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Sentence tries to do too much
- "The Roman Catholic Church responded with a Counter-Reformation put in to motion by the Council of Trent—the most important ecumenical council since Nicaea II 800 years earlier (at the time, there had not been an ecumenical council since Lateran IV over 300 years prior, a length only to be matched by the interval between Trent and Vatican I)—and spearheaded by the Society of Jesus."
- Although not the topic of this Article, this sentence tries to sum up 37 or more other Articles. Someone help with this!
- Is there anything wrong with just saying: "The Roman Catholic Church responded with a Counter-Reformation put in to motion by the Council of Trent" and ending there? If forced, I have no problem with adding: "and spearheaded by the Society of Jesus." Komowkwa (talk) 15:10, 2 September 2012 (UTC)
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--Moved from personal page to talk page where it belongs-- The Reformation was also caused by the Renaissance. Because of the invention of the printing press, more people began to read the bible. The spirit of the Renaissance made people feel more curious and ready to ask questions. Many were no longer willing to accept all the teachings of the Roman Catholic Church. Martin Luther criticized certain practices and teachings of the Church. He gained many followers who were, of course, the Protestants. The Protestant movement spread to other countries of northern and western Europe. Several different Protestant religions developed. And in the article, it says that the ""15th-century invention of the printing press, and the fall of the Eastern Roman Empire, contributed to the creation of Protestantism"", as you see, the fall of the Eastern Roman Empire was caused by the takeover of Constantinople by the Ottomans (as the article states), who conquered the city, thus, caused that the migration of Greek scholars and texts to Italy following the Fall of Constantinople. Thus when the article that you reverted mentions ""15th-century invention of the printing press, and the fall of the Eastern Roman Empire, contributed to the creation of Protestantism"", of course this had something to do with and had to go through the Renaissance since all of this was caused in the Renaissance era. And the spread of ideas was the cause for the Reformation. I see you are new to Wikipedia and please state your reason first why this change needs to be reverted. Thank you. (Slurpy121 (talk) 07:17, 24 February 2013 (UTC))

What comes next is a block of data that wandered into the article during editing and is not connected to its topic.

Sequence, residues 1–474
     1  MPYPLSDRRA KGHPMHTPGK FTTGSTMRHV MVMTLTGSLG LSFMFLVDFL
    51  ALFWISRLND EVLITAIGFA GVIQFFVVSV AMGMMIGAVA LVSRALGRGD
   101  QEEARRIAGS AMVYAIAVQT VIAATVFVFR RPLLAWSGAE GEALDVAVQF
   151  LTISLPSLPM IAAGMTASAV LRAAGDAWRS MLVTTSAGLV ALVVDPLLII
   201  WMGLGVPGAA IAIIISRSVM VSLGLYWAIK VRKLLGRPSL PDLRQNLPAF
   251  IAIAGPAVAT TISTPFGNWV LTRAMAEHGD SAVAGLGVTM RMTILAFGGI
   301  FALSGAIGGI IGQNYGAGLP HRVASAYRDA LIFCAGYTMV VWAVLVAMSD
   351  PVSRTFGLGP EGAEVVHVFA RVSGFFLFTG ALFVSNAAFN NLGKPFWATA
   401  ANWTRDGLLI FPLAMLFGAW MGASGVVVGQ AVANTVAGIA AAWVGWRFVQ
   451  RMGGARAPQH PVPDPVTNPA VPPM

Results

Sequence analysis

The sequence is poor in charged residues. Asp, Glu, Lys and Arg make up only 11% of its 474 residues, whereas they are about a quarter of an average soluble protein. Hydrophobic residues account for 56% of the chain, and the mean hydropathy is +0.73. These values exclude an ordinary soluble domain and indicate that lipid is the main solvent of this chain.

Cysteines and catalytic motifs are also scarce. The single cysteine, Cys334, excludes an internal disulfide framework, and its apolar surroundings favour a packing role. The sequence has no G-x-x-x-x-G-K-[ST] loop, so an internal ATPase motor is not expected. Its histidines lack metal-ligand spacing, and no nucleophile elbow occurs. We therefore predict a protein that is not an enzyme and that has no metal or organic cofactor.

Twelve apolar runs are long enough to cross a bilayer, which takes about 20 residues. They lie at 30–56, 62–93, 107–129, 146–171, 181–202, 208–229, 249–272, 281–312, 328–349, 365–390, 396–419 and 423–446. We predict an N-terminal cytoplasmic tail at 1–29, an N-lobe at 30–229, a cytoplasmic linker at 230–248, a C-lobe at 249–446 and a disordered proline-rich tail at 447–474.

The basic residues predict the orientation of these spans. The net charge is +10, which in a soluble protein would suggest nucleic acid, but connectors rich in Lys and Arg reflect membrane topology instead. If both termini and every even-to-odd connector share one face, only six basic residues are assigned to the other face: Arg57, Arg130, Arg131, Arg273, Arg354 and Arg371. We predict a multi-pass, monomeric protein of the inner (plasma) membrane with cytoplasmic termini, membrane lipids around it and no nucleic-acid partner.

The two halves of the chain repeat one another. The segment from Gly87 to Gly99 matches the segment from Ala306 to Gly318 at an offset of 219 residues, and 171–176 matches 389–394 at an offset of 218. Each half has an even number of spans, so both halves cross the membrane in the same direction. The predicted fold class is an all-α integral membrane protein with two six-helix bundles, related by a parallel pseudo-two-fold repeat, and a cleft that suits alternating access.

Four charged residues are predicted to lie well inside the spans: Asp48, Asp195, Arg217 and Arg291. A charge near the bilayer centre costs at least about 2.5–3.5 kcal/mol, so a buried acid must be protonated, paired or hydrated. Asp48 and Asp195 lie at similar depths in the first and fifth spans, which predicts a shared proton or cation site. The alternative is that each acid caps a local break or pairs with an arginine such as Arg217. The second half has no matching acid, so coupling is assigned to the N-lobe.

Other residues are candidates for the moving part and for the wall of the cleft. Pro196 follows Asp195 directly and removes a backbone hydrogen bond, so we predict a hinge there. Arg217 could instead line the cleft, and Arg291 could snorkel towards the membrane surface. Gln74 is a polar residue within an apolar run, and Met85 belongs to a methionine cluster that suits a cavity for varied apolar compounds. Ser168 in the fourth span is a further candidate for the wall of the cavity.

- you need documentation to back it up every statement made in the article. Your statement above is not documentation. --RoyBurtonson (talk) 16:52, 24 February 2013 (UTC)
- It is documented, and in fact it doesn't need to be, since the previous statement was in fact saying the same thing, indirectly. (Slurpy121 (talk) 20:33, 24 February 2013 (UTC))
- it is not documents nor is it found anywhere in the article. it is OR based on indirect speculation. Get some documentation and put it in the article. --RoyBurtonson (talk) 23:50, 24 February 2013 (UTC)
- It is in fact. Read about the Renaissance and how the printing press helped to spread Renaissance ideas throughout Europe and influence people such as Martin Luther to question the bible. It's pure reason and logic if you will. I don't know why you deny reason against such logic. (Slurpy121 (talk) 00:09, 25 February 2013 (UTC))
- Please stop removing my edit. If you are trying to pass yourself as a contributor just by deleting a content and saying it needs source if the source is as Chrystal clear in front of you, then you are not contributing in anything at all, but trying to make things worse for knowledge seekers! If it's hard for you to acknowledge the fact that the printing press and the fall of the eastern roman empire was the cause of the protestant reformation, then you my friend need to learn your history, that's why we have talk pages so we can discuss the history and the cause of the reformation. The 15th century invention of the printing press and the fall of the eastern roman empire contributed to the reformation, that's what it states in the article, right? And do you think these events led to the reformation directly? No? First it had to go through the renaissance and by the invention of the printing press, humanist ideas spread and the ability for many of the people to be able to read the bible, one individual being Martin Luther, a leader of the protestant movement, Is that so hard for you to understand?? You might also want to read this Wikipedia:Edit warring. (Slurpy121 (talk) 00:51, 25 February 2013 (UTC)) — Preceding unsigned comment added by RoyBurtonson (talk • contribs)
- Read a book sometime, or learn from online courses. I'ts even written in my old "History for Kids book". Everyone with a knowledge of history knows that and It's not always necessary to provide a source if the answer is RIGHT IN FRONT OF YOU. How do you think the Reformation began? You must Stop deleting without consensus. (Slurpy121 (talk) 23:46, 25 February 2013 (UTC))